Which Dominican Winter League prospects should we expect to see making major contributions to big-league clubs next season?
Limited action again on the Caribbean Winter League schedules, so I'll take this time to tell you about the five Dominican Winter League prospects most likely to make an impact in the majors next season. No surprises here. These are pretty big names in the prospect world, and all but one spent time in the majors last season. All five maintain rookie status, however, and don't necessarily have clear paths to regular playing time in the majors. So how will this quintet make an impact?
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The ultimate showdown of premier outfield prospects in the Dominican Winter League happened on Wednesday night when Starling Marte's Leones del Escogido faced off against Oscar Taveras' Aguilas Cibaenas. Of course, neither player disappointed. The 24 year-old Marte had three hits, including a double and a three-run triple while the 20 year-old Taveras had a double, two singles, and a walk. What? You want to know who won the game? It doesn't really matter. Every fan who was in the stands wins because they got to see Marte and Taveras before they were stars on the same field as former big league greats Manny Ramirez and Miguel Tejeda. Incidentally, the two veterans who have 18 All-Star selections between them, each had a pair of hits.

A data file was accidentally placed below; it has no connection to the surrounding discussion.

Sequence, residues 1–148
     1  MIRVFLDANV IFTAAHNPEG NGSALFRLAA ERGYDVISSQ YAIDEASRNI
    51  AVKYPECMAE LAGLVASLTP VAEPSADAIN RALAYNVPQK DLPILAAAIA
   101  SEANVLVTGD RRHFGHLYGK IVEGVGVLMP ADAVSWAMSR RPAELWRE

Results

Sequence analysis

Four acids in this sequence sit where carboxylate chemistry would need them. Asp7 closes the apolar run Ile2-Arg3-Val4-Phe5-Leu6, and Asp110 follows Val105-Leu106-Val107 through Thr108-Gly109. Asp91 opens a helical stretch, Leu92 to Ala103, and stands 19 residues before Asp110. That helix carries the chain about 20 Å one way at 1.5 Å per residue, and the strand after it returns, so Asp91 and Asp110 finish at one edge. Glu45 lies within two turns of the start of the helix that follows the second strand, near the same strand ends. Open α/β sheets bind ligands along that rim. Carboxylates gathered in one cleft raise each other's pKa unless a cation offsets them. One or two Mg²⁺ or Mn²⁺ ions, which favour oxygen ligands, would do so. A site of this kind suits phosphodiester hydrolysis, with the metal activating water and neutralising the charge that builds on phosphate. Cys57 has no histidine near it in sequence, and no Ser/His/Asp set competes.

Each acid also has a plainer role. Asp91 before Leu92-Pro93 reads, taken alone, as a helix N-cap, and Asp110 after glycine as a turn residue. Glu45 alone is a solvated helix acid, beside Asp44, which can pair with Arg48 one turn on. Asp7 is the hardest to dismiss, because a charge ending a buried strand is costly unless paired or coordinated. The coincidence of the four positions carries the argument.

25-man roster of top prospects playing in the Dominican Winter League
With only three makeup games going on in the Dominican Winter League and all of the other leagues off on Monday, I have no player updates for you today. Instead, I put together a 25-man roster of DWL prospects because I really enjoy organizing things into 25-man rosters whenever possible.
Jurickson Profar was eight years old when future Licey teammate Jesus Colome made his major league debut in 2001 with the Tampa Bay Devil Rays. More than 11 years later, Profar was directly responsible for the 34 year-old Colome winning his first game of the 2012 DWL season. Details below ...
Jason tries his hand at his own top prospect list, with rankings and commentary.